The news of successful negotiations between SADC (Southern African Development Community) and the EU that improves access to the EU market for South Africa’s agricultural products, was released this week.
“What we have obtained in this agreement is that there are more opportunities for us to [market] sugar, wine, ethanol and some fruit products than we had before, and that could create jobs in those particular industries”, said Trade and Industry Minister Dr Rob Davies.
The improved market access for 32 South African agricultural products such as flowers, some dairy, fruit and fruit products, also entails the duty-free importation of 150 000 tons of sugar, 80 000 tons ethanol and 110 million litres of wine.
This is very good news for the wine industry. The duty-free allowance has increased from 50 million litres to the new allocation of 110 million litres. It is specially bottled wine exports from South Africa that will benefit.
According to the Department of Agriculture dealing with wine certification and export documentation for wine, the duty-free quota only applies to wine packed in containers of less than 2 litres. (Interestingly, all rosé and red wine exported in bulk with alcohol of less than 13% as well as all bottled sparkling wine, are exempt from import duties in the EU. According to the Department, South Africa does not have many red or rosé wines destined for export, with an alcohol by volume lower than 13%).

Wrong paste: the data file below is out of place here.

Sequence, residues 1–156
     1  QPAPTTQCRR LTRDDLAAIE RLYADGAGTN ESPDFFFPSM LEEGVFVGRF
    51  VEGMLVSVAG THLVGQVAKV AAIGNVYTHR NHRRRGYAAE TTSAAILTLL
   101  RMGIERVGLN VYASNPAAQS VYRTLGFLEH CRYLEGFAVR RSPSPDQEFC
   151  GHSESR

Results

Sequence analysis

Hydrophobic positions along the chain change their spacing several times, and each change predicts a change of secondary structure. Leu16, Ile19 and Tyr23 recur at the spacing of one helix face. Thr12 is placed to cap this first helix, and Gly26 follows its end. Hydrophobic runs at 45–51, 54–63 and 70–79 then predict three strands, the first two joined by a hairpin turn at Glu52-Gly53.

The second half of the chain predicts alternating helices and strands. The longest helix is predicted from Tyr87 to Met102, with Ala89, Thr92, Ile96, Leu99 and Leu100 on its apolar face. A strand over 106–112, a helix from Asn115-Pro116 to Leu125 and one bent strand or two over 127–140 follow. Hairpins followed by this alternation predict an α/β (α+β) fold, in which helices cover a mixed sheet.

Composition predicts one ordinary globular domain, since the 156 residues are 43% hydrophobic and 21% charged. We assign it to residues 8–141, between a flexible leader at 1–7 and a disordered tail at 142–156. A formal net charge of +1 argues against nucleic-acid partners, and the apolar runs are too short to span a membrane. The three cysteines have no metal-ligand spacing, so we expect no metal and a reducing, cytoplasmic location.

In 2013, South Africa exported more than 60% of its wine in bulk. While it would be better for quality control and job creation to have wine packaged locally, the UK supermarket price points do not allow for this, especially not if taking into account the ‘alcohol duty escalator’ introduced in the UK in 2008, whereby wine duties are automatically increased by 2% above inflation each year. In order to stay competitive – especially on entry-level products – many South African producers were forced to ship in bulk. Shipping and CCT (common customs tariff) are less for bulk wine.
“But what may have been good for Avonmouth and, overall, good for the planet, has been bad for Australia and bottlers in other major wine-exporting countries with their mothballed bottling plants. The big bottle producers are international companies that have merely switched their supply bases, but in countries such as South Africa, bulk shipping has had a serious effect on local employment”, says MW and wine critic, Jancis Robinson in her blog.
A further loss of job opportunities in South Africa – a country where the unemployment rate is around 25% – is a serious matter. The increase in the duty-free allocation for bottled wine is therefore very positive for creating job opportunities in the many supporting sectors of the wine industry.
Supporting the export of our premium bottled wines will also be positive for the image of South African wine.